At the time of writing, there are 3 types of Elastic Load Balancer: CLB (Classic Load Balancer), ALB (Application Load Balancer) and NLB (Network Load Balancer). AWS releases CLB first, then ALB, thats why CLB sometimes is referred as ELB-V1, and ALB is referred as ELB-V2. Then NLB comes as the latest release.
From my point of view, the reason to have 3 types of ELB is that AWS was initially trying to do both TCP (L4) and HTTP (L7) load balancing in CLB/ELB-V1. But for some technical limits, it could not do it well – both L4 and L7 comes with limited functions. Then AWS decided to split it into two types: http/https only and tcp only (as Jobs said less is more!). That’s why it ends up having 3 types ELB.
Here is my guess: CLB will be end of life sooner or later as there are increasing demands of http/2. ALB and NLB will be the two types of ELB eventually. ALB will be the product for http/https (L7) load balancing. It works sort of like Nginx or HAProxy. NLB is focus on tcp (L4) load balancing, technically it should be something like LVS.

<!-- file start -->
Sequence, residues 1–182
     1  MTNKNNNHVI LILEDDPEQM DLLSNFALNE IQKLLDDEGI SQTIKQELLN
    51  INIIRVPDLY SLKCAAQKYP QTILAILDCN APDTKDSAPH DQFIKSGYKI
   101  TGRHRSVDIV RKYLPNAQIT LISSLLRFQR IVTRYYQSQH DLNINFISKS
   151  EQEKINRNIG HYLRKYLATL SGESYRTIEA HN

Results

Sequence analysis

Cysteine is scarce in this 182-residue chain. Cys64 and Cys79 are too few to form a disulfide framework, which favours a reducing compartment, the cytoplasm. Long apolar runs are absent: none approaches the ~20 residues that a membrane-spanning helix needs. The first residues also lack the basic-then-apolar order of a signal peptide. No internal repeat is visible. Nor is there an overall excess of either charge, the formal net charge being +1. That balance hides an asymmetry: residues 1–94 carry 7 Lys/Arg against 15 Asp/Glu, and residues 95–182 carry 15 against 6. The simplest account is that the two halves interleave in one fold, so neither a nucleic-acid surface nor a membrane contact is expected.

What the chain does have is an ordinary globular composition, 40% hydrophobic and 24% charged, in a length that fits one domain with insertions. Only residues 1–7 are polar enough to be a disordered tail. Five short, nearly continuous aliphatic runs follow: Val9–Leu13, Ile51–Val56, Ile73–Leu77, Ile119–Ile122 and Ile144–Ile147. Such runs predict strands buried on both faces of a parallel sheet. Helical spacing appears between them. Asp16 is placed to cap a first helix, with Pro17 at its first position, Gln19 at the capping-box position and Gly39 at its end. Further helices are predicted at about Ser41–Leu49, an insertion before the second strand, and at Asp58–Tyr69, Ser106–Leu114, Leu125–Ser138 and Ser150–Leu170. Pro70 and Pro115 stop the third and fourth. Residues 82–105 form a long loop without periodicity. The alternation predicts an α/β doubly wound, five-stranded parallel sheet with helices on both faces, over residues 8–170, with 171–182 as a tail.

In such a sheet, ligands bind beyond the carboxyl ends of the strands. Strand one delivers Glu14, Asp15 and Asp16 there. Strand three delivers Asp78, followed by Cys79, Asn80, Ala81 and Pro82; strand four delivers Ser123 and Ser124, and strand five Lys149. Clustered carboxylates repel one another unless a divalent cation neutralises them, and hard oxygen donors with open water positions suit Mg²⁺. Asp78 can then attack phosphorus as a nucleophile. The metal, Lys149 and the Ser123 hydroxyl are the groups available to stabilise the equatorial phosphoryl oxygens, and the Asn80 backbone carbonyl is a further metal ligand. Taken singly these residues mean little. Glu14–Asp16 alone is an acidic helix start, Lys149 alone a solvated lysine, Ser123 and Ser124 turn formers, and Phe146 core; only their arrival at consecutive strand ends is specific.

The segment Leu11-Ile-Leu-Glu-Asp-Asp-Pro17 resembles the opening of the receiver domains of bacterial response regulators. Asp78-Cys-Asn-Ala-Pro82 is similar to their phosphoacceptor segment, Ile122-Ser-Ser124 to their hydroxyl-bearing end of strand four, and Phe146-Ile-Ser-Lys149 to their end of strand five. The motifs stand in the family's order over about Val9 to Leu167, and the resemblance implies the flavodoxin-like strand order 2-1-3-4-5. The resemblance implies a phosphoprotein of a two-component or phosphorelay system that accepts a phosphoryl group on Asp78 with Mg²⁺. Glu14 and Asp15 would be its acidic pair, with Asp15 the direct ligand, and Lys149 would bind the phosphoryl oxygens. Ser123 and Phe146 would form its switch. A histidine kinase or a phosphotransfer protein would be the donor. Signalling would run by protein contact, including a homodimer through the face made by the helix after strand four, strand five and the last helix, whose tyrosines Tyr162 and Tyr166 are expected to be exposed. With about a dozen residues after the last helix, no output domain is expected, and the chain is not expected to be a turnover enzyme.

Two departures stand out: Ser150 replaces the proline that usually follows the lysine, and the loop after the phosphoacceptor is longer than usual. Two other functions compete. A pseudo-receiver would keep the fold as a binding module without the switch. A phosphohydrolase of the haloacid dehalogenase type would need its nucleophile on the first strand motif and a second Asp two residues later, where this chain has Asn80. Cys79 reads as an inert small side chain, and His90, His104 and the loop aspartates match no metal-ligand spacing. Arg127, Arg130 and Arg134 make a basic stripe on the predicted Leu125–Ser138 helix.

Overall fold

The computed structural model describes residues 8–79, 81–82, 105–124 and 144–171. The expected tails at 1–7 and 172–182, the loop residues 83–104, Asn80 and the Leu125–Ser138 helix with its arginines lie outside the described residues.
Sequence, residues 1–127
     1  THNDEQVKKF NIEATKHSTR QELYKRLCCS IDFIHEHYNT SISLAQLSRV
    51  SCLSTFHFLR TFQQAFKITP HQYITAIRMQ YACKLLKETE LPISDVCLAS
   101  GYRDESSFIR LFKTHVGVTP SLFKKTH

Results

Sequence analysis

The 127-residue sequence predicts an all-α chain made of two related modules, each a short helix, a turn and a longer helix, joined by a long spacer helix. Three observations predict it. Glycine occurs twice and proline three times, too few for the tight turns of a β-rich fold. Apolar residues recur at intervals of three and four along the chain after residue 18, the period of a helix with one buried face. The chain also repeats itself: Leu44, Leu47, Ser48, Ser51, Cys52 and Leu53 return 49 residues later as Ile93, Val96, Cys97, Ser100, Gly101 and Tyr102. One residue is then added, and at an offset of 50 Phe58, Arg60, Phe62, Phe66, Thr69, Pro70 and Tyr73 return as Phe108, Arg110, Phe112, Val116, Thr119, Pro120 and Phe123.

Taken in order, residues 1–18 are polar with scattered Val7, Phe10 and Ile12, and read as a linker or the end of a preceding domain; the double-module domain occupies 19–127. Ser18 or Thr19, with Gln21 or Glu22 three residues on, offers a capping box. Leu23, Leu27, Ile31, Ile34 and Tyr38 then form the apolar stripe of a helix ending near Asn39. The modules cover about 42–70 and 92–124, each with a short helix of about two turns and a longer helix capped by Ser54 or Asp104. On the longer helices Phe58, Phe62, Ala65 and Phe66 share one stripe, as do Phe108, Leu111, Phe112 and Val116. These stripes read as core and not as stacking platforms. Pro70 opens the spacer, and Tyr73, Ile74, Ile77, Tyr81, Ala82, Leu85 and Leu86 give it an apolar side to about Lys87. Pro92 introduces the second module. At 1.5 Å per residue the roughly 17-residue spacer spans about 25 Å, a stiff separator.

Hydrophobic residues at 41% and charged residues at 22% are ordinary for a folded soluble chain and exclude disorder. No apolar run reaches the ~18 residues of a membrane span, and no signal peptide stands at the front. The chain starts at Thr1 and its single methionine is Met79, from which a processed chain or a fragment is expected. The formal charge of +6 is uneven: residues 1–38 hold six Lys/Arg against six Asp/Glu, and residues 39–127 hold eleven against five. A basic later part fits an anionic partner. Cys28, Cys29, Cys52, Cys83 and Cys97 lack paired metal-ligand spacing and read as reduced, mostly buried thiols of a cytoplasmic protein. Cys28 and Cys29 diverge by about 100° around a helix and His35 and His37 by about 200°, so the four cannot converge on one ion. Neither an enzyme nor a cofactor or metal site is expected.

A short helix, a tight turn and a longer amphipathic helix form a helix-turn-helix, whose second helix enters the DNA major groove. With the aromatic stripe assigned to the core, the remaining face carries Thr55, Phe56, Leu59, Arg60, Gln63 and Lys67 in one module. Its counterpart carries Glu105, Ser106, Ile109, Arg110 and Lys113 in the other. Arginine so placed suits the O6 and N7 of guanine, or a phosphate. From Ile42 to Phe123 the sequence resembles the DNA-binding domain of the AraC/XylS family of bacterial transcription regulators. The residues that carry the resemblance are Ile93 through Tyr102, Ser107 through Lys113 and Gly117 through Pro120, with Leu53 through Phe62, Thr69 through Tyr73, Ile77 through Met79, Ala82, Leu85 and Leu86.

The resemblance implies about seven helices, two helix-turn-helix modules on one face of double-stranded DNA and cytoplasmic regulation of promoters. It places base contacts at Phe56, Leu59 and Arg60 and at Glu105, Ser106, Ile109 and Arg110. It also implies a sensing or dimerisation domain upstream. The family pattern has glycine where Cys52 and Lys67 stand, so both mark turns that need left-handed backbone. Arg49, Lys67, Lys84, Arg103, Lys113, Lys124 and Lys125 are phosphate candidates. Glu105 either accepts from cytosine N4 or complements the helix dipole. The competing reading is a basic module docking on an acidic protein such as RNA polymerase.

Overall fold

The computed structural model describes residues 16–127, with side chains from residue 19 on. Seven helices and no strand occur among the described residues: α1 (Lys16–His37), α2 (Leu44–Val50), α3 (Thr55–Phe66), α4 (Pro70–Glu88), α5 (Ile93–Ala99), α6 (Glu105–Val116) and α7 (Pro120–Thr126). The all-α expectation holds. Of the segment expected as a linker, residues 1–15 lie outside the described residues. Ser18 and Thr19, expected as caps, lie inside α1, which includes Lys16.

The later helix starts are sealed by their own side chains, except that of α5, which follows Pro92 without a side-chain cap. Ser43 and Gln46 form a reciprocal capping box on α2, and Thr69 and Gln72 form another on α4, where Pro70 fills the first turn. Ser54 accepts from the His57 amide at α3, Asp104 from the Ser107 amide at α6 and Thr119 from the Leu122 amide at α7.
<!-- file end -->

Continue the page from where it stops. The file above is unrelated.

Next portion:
One good use case of ALB is to consolidate CLB, here is a real example that I have done.
|Feature||Application Load Balancer||Network Load Balancer||Classic Load Balancer|
|Protocols||HTTP, HTTPS||TCP||TCP, SSL, HTTP, HTTPS|
|Connection draining (deregistration delay)||✔||✔||✔|
|Load Balancing to multiple ports on the same instance||✔||✔|
|IP addresses as targets||✔||✔|
|Load balancer deletion protection||✔||✔|
|Configurable idle connection timeout||✔||✔|
|Cross-zone load balancing||✔||✔|
|Server Name Indication (SNI)||✔|
|Back-end server encryption||✔||✔|
|Elastic IP address||✔|
|Preserve Source IP address||✔|